The War of the Five Kings is over. The Lannisters appear to have won, with only the mop-up remaining. However, the Seven Kingdoms are far from stable, with enemies both near and far conspiring to grab what power they can. If nothing else, winter is coming, and the war has meant little food has been harvested and stored for the expected coming cold. Brienne continues her quest. Arya seeks an identity. Samwell travels towards Oldtown. Jaime solves problems and Cersei acts as regent to young King Thommen.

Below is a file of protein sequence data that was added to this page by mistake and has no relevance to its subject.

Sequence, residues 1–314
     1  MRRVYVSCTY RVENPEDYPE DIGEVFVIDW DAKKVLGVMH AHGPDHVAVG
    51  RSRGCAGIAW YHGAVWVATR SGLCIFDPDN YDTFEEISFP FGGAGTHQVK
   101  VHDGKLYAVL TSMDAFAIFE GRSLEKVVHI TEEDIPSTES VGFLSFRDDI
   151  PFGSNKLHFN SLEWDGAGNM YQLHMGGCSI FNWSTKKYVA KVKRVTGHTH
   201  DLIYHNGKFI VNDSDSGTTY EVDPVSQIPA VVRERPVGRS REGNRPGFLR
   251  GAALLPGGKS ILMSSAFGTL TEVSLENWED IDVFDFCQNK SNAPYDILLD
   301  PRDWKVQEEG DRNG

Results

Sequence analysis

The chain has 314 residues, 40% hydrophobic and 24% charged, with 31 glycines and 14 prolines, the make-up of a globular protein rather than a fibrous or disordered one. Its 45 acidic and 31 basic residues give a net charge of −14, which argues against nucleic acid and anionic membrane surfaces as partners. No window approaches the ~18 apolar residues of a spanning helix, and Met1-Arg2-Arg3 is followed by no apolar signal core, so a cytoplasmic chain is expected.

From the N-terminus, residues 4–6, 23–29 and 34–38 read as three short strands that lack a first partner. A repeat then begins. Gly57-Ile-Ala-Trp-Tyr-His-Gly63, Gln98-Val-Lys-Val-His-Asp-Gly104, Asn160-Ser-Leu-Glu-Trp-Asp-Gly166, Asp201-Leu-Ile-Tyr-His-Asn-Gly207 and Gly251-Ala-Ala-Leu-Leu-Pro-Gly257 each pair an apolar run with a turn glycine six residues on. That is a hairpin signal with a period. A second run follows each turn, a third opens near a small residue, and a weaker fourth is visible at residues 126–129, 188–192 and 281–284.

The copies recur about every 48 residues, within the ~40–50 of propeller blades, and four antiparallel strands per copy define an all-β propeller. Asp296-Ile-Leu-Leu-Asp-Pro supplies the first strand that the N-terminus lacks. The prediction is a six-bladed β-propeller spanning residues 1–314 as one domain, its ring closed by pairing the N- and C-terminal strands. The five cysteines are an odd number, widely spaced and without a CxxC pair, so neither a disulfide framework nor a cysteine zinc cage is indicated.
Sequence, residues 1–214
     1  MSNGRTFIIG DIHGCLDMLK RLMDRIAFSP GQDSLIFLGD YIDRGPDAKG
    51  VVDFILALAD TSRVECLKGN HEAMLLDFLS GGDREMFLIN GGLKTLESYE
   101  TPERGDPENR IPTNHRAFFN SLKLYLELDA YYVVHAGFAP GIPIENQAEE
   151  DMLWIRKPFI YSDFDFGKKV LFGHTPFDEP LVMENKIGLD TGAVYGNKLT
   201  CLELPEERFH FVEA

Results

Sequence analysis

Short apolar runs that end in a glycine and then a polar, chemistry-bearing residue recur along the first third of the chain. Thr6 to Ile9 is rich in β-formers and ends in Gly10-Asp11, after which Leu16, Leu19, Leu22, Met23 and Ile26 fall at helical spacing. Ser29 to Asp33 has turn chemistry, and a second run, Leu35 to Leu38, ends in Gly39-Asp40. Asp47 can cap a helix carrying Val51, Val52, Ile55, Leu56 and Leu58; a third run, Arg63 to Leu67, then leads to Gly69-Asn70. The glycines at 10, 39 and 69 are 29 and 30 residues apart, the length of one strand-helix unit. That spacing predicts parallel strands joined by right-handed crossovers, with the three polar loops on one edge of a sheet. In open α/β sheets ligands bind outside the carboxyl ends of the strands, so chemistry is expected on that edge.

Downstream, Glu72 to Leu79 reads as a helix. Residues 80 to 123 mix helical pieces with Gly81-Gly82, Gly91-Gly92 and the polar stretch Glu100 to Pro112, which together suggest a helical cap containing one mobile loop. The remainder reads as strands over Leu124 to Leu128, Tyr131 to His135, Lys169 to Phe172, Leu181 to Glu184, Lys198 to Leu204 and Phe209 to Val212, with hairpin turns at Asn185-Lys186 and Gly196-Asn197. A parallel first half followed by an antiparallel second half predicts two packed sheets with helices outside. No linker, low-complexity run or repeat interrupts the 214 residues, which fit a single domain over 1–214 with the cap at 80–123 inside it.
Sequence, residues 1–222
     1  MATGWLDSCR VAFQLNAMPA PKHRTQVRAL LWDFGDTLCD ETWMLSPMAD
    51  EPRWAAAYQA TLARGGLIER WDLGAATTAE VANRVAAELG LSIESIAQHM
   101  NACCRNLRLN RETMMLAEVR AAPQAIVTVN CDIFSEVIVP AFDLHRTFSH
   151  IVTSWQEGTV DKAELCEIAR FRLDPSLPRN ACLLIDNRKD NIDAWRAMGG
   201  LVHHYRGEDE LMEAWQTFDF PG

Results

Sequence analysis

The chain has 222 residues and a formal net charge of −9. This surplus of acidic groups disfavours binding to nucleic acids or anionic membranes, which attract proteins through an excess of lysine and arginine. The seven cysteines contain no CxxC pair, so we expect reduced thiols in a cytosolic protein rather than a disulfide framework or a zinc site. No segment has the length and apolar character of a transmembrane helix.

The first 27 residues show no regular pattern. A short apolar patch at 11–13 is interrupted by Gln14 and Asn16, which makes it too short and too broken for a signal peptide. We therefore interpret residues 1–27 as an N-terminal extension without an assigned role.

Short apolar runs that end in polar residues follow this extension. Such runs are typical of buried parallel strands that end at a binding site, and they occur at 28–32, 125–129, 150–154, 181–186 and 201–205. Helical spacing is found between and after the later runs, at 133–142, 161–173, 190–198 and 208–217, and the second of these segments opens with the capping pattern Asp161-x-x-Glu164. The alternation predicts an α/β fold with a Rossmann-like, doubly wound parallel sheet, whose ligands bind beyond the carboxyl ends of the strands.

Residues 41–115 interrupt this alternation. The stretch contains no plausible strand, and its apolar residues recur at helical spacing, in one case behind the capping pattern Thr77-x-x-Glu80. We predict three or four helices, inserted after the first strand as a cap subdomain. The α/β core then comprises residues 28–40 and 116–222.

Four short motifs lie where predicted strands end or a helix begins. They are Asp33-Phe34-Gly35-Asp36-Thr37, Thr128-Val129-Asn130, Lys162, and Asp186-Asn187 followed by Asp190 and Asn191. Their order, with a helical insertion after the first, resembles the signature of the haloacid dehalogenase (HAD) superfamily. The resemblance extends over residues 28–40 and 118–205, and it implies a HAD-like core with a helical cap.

Following hard along the heels of A Storm of Swords, book four in A Song of Ice and Fire takes things in a somewhat unexpected direction structurally. Instead of, as before, following the entirety of the storylines and characters, A Feast for Crows only has “main” viewpoint chapters for Sansa, Samwell, Cersei, Jaime and Brienne, as well as smattering of chapters for Arya, the doings of the Iron Men and events in Dorne. Tyrion, Dany, Bran and Jon are conspicuously absent, to be dealt with in book five. This decision probably made the narrative more focused, but unfortunately means that some of the more flamboyant characters are missing. While by no means a boring read, it is a bit of a mise en place, with characters somewhat too obviously moved forward in their arc to where they will need to be for the next stage in the story. Reinforcing this impression is the lack of grand defining battles and events like in the previous three books, making this installment somewhat anticlimactic. Mr. Martin can certainly write, and even when the story is a tad bland his prose is a pleasure, but I would have wished for a bit more action amongst the introspective internal dialogues. Even Cersei’s incessant scheming, no matter how wicked, gets old after a while.